We go back in time once more, to see the highlights of several editions of the GFHEU conference. 2014 was a year of change. GFHEU moved to brand new offices in the Center for Applied Games in Amsterdam and the conference location changed again as well. We were embraced by the city of Utrecht, where we would host the next three conferences.
Meanwhile, the focus on the research behind gamification and serious games continued to grow. For the 2014 conference, several peer-reviewed papers were presented through a partnership with Springer, one of the top academic publishers in the world. At this point, our community had grown considerably as well, and a large group of regular visitors would return to the conference every year to share their experiences.
Next year, at the 2015 edition, we saw a huge amount of interesting games and project. A great example of this is Angela Schuurman’s Emotion Management game. This game really took advantage of some of the latest technologies to create several different mini-games. From training relaxation techniques to a mini-game where an increase in fear and stress decreases your ability to run away from a monster, this game managed to get everyone talking. Some gameplay can be seen in the video below.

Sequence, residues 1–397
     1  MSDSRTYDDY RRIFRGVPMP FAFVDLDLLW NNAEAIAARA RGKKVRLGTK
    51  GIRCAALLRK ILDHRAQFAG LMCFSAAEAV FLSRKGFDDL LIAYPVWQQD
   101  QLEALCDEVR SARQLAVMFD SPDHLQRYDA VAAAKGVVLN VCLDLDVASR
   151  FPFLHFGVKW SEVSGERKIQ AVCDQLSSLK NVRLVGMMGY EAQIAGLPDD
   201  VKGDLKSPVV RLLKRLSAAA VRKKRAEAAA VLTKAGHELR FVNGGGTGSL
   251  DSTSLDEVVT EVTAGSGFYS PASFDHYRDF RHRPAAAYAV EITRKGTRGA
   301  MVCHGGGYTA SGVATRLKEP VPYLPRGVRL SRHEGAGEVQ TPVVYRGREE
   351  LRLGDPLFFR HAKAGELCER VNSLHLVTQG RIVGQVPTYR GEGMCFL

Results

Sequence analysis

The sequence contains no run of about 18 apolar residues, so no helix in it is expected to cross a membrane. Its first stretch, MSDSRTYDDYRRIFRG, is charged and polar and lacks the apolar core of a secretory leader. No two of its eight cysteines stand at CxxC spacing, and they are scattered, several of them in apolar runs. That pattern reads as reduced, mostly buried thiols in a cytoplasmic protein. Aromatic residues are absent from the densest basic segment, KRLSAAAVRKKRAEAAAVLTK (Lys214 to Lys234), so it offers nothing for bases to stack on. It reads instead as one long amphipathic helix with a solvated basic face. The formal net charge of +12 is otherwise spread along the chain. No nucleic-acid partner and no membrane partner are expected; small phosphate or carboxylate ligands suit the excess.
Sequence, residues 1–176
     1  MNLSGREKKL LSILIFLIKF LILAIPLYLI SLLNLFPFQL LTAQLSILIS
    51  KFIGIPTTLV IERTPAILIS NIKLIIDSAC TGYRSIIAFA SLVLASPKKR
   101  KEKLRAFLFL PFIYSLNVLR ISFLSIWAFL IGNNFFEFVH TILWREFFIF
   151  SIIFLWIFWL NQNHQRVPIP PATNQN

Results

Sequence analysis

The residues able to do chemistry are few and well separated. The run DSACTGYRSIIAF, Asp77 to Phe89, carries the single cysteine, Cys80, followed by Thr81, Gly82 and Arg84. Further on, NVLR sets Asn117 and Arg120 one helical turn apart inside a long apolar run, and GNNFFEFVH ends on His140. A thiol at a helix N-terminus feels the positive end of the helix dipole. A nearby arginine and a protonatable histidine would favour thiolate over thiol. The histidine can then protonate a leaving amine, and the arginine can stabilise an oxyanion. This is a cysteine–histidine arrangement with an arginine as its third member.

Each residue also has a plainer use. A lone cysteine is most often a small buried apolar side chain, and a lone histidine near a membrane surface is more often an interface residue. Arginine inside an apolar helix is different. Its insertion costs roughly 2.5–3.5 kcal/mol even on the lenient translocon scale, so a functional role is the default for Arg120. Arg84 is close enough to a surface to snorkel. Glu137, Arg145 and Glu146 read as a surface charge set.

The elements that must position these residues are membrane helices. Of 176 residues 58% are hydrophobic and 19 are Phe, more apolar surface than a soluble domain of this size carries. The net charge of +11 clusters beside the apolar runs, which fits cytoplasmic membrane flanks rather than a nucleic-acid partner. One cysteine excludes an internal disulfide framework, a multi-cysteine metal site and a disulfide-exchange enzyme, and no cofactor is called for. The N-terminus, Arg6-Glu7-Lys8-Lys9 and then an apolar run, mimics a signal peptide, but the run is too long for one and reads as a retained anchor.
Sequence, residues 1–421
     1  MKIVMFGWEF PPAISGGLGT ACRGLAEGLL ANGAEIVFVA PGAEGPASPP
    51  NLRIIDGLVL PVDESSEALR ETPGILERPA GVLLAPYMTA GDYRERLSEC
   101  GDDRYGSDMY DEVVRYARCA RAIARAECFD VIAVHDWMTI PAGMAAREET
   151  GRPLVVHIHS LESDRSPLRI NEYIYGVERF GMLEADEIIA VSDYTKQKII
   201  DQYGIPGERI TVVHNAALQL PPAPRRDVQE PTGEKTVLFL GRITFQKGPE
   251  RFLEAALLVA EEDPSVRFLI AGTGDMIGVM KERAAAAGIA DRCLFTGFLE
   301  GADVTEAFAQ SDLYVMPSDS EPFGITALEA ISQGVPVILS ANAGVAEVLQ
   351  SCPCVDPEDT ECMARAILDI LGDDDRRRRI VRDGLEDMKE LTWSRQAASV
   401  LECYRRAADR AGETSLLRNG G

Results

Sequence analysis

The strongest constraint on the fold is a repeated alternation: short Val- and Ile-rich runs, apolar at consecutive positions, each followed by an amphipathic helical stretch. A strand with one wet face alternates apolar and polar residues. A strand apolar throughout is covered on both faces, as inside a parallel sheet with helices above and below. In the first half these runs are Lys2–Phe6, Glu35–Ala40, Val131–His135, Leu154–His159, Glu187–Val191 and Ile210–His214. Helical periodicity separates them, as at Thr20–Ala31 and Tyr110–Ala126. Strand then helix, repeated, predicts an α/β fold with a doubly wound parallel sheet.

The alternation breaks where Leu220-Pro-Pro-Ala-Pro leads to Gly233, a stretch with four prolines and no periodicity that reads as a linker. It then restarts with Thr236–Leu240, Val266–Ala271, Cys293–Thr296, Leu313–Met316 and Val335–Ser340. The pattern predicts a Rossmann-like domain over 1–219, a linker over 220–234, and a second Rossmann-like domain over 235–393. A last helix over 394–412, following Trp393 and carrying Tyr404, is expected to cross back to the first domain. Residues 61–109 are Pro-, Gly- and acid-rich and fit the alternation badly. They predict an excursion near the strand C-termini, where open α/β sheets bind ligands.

The 2016 edition of GFHEU holds a very special place in all our hearts. It started with an online call for participation by Dutch presenter Angelique Krüger, who voiced her support for our conference. Though this was already a huge honor, it would pale in comparison to what happened next.
We managed to get on the radar of the Dutch royal family and Princess Laurentien of the Netherlands actually visited our conference. She was responsible for the opening speech and voiced her opinions about the serious game industry at large. Her appearance and support for the conference left a huge impression on everyone involved.
The conference also received more publicity as a result. Our founder Jurriaan made several big appearances on live television, one of which you can see here. So much had changed in such a short amount of time, but the biggest change was still ahead.
Next time we will look at what it takes to start a game studio.